BY LINDSAY HARRIS-FRIEL FRINGE CORRESPONDENT Damn you, Pig Iron. You magnificent bastards have done it again; created theatre so joyfully compelling it takes everyone who sees it far outside their selves and turns every theatre artist outside your realm emerald green with envy. Come on down to Yuba City. You’ll travel down a stretch of highway so lonely you’re grateful for the broken fluorescent sign with an arrow pointing the way to the diner, and the glaring streetlamp bordering the parking lot. Set designer Mimi Lien and lighting designer James Clotfelder have created a place where the real and abstract have crashed into each other, with a physical depth of scope that will make you want to see this show more than once to experience varying sightlines. The scale ranges from the wide open vista where cyclists race and horned creatures dance with fire in the darkness to the tiny, touching details; the dishes described on the menu (including Jackalope), the slits of shadow from the horizontal blinds. Every empty warehouse in Philadelphia should be turned into performance space, if it can be as inventive as this.
The troupe of seven actors inhabits many unique characters, each so fully realized as to make you forget that this isn’t performed by a much larger cast. At first, when we see these bodies hewn by work, time and weather, and hear the twang of their voices, it’s too easy for the audience to laugh. Then the performers stretch and mold the characters further into something incredibly human and superhuman. It’s hard to laugh or applaud with this show for fear of shattering the moment. The people of Yuba City are so charged by their convictions that to laugh when, for example, a diabetic tries to overdose on a jar of peppermints or when an FBI agent sings a tender goodbye song to his mother as an alien eats his brain, is to do the character a disservice. At the same time, to not validate these unique moments is a crime.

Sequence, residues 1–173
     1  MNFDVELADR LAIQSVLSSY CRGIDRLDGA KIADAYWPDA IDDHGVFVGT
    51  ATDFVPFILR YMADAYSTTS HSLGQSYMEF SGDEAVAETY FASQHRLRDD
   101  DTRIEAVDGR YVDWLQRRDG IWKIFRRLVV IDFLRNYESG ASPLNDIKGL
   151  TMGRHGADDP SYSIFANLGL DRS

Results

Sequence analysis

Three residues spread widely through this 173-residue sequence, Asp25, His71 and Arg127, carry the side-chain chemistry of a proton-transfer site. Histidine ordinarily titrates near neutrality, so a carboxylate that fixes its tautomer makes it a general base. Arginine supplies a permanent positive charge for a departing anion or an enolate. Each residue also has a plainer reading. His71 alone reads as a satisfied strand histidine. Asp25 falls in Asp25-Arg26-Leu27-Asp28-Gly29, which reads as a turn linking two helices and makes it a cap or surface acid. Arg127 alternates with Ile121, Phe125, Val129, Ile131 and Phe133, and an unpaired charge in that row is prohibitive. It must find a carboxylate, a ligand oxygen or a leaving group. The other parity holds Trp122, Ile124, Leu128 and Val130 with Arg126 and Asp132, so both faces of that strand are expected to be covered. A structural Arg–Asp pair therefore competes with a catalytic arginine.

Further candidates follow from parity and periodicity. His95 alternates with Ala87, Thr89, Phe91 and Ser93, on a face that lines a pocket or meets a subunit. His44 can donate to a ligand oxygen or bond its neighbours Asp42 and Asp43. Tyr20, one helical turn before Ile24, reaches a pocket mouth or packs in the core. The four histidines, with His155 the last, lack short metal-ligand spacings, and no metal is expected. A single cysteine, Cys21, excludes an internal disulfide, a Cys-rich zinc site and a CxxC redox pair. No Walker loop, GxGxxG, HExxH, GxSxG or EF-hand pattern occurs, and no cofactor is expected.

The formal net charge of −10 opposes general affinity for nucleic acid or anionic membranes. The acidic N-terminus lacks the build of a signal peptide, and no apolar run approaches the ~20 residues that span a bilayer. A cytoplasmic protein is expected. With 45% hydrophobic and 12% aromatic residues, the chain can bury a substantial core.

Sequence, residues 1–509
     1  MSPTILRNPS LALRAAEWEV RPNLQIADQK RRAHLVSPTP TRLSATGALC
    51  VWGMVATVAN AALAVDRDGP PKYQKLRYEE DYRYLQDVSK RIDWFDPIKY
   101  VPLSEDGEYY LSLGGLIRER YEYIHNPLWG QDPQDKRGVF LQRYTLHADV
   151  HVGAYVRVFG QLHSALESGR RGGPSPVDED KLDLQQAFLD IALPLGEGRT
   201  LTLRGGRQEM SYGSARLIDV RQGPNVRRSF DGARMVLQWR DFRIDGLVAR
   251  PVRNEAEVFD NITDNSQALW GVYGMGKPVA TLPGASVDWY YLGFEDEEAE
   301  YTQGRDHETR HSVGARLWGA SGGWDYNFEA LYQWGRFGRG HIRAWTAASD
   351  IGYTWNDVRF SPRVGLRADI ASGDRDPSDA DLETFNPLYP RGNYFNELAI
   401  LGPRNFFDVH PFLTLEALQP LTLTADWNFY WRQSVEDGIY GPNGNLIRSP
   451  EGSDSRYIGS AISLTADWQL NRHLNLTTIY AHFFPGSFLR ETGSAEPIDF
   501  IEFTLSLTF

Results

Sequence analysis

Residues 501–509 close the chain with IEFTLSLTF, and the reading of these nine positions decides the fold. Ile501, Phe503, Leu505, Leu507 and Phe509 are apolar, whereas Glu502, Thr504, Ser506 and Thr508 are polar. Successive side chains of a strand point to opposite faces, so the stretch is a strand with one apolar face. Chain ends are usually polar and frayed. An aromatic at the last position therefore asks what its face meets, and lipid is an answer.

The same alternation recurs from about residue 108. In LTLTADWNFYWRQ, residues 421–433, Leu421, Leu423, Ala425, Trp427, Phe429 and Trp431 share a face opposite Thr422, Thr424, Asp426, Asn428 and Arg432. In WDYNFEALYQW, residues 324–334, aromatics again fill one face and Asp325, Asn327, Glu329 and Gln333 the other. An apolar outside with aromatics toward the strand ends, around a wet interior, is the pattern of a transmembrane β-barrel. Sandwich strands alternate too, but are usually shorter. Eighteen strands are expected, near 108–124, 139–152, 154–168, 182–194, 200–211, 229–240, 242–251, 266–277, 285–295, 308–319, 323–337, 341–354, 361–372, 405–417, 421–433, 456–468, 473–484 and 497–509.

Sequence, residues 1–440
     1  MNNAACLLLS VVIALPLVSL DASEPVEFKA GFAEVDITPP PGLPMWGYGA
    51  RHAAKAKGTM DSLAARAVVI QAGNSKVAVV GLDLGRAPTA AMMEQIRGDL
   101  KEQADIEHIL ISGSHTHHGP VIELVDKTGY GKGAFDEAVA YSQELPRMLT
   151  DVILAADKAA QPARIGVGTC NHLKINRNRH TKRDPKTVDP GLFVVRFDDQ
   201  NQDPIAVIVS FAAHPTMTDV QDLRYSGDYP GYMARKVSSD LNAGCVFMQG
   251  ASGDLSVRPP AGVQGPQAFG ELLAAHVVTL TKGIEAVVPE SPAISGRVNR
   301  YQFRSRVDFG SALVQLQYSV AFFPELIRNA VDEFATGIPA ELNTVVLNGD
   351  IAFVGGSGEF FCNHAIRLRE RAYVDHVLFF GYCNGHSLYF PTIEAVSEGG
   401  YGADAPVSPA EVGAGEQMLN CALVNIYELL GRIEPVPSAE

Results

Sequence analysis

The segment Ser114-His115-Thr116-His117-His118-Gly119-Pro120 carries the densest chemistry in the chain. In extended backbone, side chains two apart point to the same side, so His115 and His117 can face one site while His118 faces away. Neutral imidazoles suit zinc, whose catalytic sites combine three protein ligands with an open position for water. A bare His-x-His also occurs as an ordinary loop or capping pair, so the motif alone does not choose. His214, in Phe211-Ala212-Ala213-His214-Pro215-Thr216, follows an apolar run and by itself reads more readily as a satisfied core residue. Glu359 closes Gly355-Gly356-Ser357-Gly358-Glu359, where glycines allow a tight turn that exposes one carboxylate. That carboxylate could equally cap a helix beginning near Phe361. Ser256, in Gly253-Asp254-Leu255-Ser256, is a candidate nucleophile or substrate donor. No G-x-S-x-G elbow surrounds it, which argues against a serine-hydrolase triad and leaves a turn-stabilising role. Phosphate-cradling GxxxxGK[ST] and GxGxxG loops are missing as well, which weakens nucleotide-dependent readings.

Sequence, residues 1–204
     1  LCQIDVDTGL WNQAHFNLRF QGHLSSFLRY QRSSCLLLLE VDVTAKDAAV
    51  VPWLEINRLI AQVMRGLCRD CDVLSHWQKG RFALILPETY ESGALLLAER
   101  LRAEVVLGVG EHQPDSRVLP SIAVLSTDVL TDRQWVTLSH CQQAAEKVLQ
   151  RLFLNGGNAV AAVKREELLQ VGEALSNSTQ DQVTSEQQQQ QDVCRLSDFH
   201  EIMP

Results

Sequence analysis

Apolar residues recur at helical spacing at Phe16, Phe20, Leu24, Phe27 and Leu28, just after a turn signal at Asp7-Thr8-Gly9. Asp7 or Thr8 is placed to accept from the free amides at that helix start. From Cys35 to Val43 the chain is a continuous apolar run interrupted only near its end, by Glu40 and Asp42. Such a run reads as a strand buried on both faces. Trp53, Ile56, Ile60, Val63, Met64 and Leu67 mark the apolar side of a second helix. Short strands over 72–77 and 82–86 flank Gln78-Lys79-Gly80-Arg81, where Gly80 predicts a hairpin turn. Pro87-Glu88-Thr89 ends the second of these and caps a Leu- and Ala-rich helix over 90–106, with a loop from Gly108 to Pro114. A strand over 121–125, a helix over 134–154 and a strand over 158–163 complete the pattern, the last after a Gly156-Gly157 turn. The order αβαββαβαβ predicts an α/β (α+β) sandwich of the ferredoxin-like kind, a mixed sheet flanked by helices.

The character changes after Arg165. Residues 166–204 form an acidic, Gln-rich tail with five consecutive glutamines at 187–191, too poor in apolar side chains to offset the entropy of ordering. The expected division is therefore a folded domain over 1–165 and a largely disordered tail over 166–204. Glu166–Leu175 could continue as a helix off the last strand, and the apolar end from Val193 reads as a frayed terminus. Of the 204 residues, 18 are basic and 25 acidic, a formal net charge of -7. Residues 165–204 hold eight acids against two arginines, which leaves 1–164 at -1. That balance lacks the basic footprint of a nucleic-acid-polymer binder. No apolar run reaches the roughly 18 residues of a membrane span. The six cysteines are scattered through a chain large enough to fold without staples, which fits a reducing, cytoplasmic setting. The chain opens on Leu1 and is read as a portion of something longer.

Pig Iron is to movement what Mozart is to musical notes. This show includes a tango ballet of elegant, threatening subterfuge by a squad of FBI agents, the most thrilling fight sequence you’ll see this year, and a swing dance number that would make Frankie Manning smile from ear to ear. No moment in this play requires verbal expression, though Deborah Stein’s text has enough poetry to satisfy. As one character says, Yuba City is a world of peculiar gravity and magnetism; another describes it as a precipice, and a great time to be alive. Once again, Pig Iron’s created a magical world that spins on its own axis. Make sure you don’t miss it.